Find Minimum/Maximum and Extract Minimum/Maximum: Depending on the purpose of the heap, the largest or smallest elements are often of interest so these operations are useful to have.
Decrease/Increase Key: This is used to change the key of a particular node. The key determines the place in the heap where the node will be. So adjusting the key allows the algorithm to rearrange parts of the heap.
Merge: Sometimes called meld, the merge function is a useful operation to have to combine heaps.
There are several different types of heaps, each with a different implementation and various advantages and disadvantages. However, each heap type satisfies the heap property and can be used for the same types of tasks.
|Type of Heap||Insert||Delete||Decrease Key||Merge||Extract Min|
|Binary Heap||\(O(\log n)\)||\(O(\log n)\)||\(O(\log n)\)||\(O(n)\)||\(\Theta(\log n)\)|
|Fibonacci Heap*||\(O(1)\)||\(O(\log n)\)||\(O(1)\)||\(O(1)\)||\(O(\log n)\)|
|Binomial Heap||\(O(1)\)||\(O(\log n)\)||\(O(\log n)\)||\(O(\log n)\)||\(O(\log n)\)|
|Pairing Heap*||\(O(1)\)||\(O(\log n)\)||\(O(\log n)\)||\(O(\log n)\)||\(O(\log n)\)|
*Amortized running times
This is partial Python code from Python's documentation site describing the internal configuration of heaps in the Python language. This is just a sketch of how heap operations work. There are parts of the code that are missing here, for the sake of brevity, and this code is meant as a learning tool to get an idea of how Python implements a few basic heap operations. 
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The full implementation can be found on the Python documentation website here.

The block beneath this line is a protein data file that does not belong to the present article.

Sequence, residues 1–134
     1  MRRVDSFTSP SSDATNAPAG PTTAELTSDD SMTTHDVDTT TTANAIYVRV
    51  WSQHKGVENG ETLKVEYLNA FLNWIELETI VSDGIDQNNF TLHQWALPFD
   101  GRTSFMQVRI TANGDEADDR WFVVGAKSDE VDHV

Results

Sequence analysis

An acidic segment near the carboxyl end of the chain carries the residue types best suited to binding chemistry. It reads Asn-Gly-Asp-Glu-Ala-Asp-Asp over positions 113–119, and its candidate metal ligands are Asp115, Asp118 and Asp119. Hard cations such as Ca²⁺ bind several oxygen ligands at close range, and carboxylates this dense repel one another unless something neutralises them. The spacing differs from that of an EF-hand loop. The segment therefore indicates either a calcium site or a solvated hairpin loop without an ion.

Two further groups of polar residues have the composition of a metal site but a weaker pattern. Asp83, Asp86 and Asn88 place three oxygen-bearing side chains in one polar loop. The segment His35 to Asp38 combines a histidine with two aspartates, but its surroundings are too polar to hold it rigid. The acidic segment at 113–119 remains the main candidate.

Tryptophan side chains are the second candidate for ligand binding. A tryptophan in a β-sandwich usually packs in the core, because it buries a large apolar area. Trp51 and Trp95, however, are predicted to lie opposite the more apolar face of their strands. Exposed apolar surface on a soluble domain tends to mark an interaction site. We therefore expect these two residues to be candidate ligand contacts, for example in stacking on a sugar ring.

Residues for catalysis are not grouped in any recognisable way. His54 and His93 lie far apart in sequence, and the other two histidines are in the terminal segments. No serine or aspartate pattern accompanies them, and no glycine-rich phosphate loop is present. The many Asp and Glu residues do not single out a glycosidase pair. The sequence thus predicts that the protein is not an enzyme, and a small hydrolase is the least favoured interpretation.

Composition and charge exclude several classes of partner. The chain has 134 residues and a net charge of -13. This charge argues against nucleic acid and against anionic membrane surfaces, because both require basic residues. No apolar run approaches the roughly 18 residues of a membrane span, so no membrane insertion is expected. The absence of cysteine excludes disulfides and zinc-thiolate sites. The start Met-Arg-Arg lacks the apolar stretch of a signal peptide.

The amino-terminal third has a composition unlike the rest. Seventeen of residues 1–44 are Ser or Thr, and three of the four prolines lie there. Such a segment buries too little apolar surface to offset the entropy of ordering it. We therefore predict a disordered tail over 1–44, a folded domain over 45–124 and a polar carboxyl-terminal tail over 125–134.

Heaps can be used to implement priority queues where the first object in is the first object to come out of the queue.
Consider a supermarket line. How can you model a line of customers waiting to pay for their items as a max-heap?
One way to model this problem is to build a heap where each person in the line is represented by a node. The node’s value will correspond to the amount of time the person has stood in the line — people who have been in the line longer, and are therefore towards the head of the line, will have a larger key value. The root node of the heap will be the person who has been in the line longest. After the person has paid for their items, their node, the maximum value, can be extracted from the heap, and then the heap can be heapifyied to indicate the new line after the person has left.
Heaps are used in the heapsort sorting algorithm. Heapsort is a fast and space efficient sorting algorithm. It works by maintaining heap properties and taking advantage of the ordered nature of min and max heaps.
Here is an animation that shows heapsort. Notice how the heap is built up from the list and how the max-heap property is enforced.
- , E. Max-Heap.svg. Retrieved June 5, 2016, from https://en.wikipedia.org/wiki/File:Max-Heap.svg
- Demaine, E., & Devadas, S. Lecture 4: Heaps and Heap Sort. Retrieved May 23, 2016, from http://ocw.mit.edu/courses/electrical-engineering-and-computer-science/6-006-introduction-to-algorithms-fall-2011/lecture-videos/MIT6_006F11_lec04.pdf
- Panter , M. heapq.py. Retrieved June 7, 2016, from https://hg.python.org/cpython/file/2.7/Lib/heapq.py
- , S. Heapsort Example. Retrieved June 7, 2016, from https://en.wikipedia.org/wiki/File:Heapsort-example.gif